Idioms are a group of words established by usage as having a meaning not deducible from those of the individual words.

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4
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1answer
34 views

“I'll go with the candidate I'm used to” or “I'll go with the candidate to whom I am used?”

I'll go with the candidate I'm used to. I get that this is colloquial, but, c'mon. Ending a sentence with a preposition? However, is the alternative correct? I'll go with the candidate to whom ...
1
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1answer
85 views

“Like swimming in ___” honey? [on hold]

My supervisor and I had a discussion about my thesis progress this morning, and he described my writing progress: Like swimming in _____. I have no idea about the word he said, then he changed ...
0
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1answer
38 views

An alternative saying for “it may be cheaper to build a new house than to renovate an old one”?

I'm looking to communicate the idea that performing a task would be less costly (more than just financially; technically, or when risk is considered) if you start from scratch or anew, instead of ...
3
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2answers
222 views

When does the phrase “Some of us…” include the speaker?

I do not recall ever hearing anyone say "Some of us..." without including themselves. It appears to me that oneself is assumed to be part of the subject. However, some of is usually used to denote an ...
0
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0answers
1k views

What is the meaning of “how did you fare out”?

I was in a conversation with a person and I told them that I'm doing a wild guess (on something) to which the person replied, 'How did you fare out?' What is the meaning of this? Is this specific to ...
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3answers
37 views

Is there an idiomatic prepositional phrase meaning the same as 'with the help of something'?

Is there an idiomatic prepositional phrase meaning the same as 'with the help of something', the something being a theory which helps to shed light on the reasons for certain events found in a novel? ...
3
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4answers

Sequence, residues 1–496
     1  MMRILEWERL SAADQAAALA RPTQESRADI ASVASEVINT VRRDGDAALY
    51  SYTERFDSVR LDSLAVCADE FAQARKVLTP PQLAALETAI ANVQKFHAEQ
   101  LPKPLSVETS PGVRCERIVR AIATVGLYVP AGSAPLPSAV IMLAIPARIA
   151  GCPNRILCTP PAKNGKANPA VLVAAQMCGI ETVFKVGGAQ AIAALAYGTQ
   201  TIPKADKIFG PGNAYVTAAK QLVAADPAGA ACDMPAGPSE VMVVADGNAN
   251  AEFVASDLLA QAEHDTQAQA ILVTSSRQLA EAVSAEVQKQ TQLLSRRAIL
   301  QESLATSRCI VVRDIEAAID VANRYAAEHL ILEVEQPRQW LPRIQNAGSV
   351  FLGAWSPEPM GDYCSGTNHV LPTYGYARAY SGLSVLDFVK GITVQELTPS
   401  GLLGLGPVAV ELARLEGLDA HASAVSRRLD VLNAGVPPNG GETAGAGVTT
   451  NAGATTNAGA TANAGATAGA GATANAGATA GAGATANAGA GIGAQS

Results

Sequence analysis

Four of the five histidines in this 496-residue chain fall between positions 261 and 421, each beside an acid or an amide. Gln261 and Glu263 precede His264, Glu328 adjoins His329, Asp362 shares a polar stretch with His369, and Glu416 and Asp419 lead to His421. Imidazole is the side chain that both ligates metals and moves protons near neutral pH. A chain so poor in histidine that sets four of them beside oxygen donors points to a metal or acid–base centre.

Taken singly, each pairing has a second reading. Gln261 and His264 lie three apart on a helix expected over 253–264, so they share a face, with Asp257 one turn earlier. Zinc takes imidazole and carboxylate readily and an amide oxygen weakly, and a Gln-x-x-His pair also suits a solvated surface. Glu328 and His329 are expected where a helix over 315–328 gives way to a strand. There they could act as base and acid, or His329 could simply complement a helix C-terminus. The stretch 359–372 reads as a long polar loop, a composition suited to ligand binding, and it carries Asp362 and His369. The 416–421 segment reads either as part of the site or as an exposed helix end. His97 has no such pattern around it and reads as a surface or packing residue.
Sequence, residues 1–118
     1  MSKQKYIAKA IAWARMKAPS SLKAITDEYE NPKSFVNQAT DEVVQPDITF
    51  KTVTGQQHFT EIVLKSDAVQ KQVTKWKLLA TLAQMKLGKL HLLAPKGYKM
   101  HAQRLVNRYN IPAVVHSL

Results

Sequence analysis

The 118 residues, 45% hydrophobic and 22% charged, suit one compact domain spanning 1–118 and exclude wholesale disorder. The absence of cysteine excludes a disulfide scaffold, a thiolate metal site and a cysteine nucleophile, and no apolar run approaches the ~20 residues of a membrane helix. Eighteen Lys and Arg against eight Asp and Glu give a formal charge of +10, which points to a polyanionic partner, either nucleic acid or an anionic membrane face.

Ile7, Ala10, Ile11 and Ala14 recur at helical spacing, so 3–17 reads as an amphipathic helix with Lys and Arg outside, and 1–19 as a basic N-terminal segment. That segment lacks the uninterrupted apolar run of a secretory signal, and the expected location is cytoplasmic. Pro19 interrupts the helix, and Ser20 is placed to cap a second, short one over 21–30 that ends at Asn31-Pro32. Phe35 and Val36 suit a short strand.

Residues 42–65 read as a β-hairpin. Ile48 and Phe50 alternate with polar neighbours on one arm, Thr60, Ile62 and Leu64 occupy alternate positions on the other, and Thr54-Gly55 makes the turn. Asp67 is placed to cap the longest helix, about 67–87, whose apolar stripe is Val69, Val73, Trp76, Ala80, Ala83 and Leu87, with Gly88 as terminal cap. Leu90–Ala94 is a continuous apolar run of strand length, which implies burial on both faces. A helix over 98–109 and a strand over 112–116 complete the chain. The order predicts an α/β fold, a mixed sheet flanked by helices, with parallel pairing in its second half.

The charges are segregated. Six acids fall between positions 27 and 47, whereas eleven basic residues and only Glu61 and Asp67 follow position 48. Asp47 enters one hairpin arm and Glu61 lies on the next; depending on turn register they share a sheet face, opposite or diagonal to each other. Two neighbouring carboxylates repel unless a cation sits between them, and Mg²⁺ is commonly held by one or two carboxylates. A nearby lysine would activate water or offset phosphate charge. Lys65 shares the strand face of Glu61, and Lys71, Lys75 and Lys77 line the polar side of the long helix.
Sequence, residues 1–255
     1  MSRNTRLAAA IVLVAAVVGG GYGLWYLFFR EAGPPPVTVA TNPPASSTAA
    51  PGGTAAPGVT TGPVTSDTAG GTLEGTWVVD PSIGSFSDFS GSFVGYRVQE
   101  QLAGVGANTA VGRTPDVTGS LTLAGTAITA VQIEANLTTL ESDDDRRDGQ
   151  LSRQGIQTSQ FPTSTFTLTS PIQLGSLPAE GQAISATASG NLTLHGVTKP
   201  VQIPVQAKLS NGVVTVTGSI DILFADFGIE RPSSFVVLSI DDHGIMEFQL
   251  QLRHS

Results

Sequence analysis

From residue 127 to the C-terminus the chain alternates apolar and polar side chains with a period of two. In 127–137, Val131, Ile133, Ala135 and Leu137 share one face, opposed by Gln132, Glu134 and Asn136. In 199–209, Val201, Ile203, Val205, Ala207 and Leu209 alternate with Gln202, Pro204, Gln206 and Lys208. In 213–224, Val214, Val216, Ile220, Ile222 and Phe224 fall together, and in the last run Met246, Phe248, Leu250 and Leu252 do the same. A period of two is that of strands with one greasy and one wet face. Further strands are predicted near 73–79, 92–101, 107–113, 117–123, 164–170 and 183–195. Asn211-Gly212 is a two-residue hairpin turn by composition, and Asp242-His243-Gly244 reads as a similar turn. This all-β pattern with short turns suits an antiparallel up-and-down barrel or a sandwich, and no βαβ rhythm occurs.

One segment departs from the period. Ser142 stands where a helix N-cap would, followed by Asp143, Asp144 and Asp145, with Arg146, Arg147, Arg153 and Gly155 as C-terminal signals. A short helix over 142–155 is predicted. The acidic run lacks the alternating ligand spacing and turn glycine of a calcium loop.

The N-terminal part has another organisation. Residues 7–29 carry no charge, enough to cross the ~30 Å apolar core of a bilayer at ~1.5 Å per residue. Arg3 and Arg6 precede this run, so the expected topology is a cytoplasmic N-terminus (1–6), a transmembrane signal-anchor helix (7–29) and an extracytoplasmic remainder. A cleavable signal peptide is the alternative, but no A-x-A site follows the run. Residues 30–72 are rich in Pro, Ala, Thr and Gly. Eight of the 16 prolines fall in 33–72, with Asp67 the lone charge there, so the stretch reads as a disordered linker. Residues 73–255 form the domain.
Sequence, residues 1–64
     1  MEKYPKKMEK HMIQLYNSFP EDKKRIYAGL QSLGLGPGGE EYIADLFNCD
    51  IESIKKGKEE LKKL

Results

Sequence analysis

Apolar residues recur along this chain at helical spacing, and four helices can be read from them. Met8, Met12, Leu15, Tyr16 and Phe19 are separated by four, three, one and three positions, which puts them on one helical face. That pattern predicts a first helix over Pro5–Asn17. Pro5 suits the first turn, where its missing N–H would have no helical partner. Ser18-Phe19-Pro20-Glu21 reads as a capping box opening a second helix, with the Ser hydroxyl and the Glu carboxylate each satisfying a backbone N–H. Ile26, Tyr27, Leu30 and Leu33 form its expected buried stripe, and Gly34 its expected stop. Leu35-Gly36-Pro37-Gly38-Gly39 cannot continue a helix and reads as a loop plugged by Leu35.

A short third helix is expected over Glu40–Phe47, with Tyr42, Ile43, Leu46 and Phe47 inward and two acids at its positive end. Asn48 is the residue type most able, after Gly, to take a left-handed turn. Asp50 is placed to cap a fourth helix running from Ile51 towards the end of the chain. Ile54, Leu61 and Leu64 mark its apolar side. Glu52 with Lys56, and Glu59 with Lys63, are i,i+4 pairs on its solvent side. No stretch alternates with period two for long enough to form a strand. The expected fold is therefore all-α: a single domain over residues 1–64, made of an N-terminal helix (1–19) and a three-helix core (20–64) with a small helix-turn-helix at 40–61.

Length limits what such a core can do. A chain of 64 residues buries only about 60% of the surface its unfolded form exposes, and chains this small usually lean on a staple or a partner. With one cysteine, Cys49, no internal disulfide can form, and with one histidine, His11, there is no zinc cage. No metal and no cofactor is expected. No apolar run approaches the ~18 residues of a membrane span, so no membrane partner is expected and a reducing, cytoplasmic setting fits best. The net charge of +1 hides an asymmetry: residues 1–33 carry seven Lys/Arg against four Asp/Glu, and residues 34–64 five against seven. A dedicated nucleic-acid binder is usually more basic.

276 views

What are the uses for 'quick'?

Is the word quick ever used in reference to candles eg the quick of the candle? I know about the quick of the nail and obviously about the wick of a candle but I have a memory of the quick too being ...
11
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3answers
10k views

Where does “on one's last legs” come from?

To be on one's last legs means to be worn out, tired, run down, and ready to die or otherwise cease working. Some examples I've found are Grandfather is on his last legs. He'll be on his way to ...
4
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0answers
176 views

A question about “but not” as coordinating conjunction

So I was reading an article or something, and there was a sentence that quite intrigued me. a. You can turn everybody against you, but never your boss. "But never" is used as a coordinating ...
1
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1answer
42 views

“Well-rounded” usage in USA

What's the first recorded use of the term "well-rounded" as it refers to being competent or trained in several fields, e.g., from astronomy to literature to social dancing to cookery?
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4answers
49k views

The expression “hands down.”

How did the expression "hands down" come to mean "without a doubt?"
45
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5answers
7k views

Around how old is “a woman of a certain age”?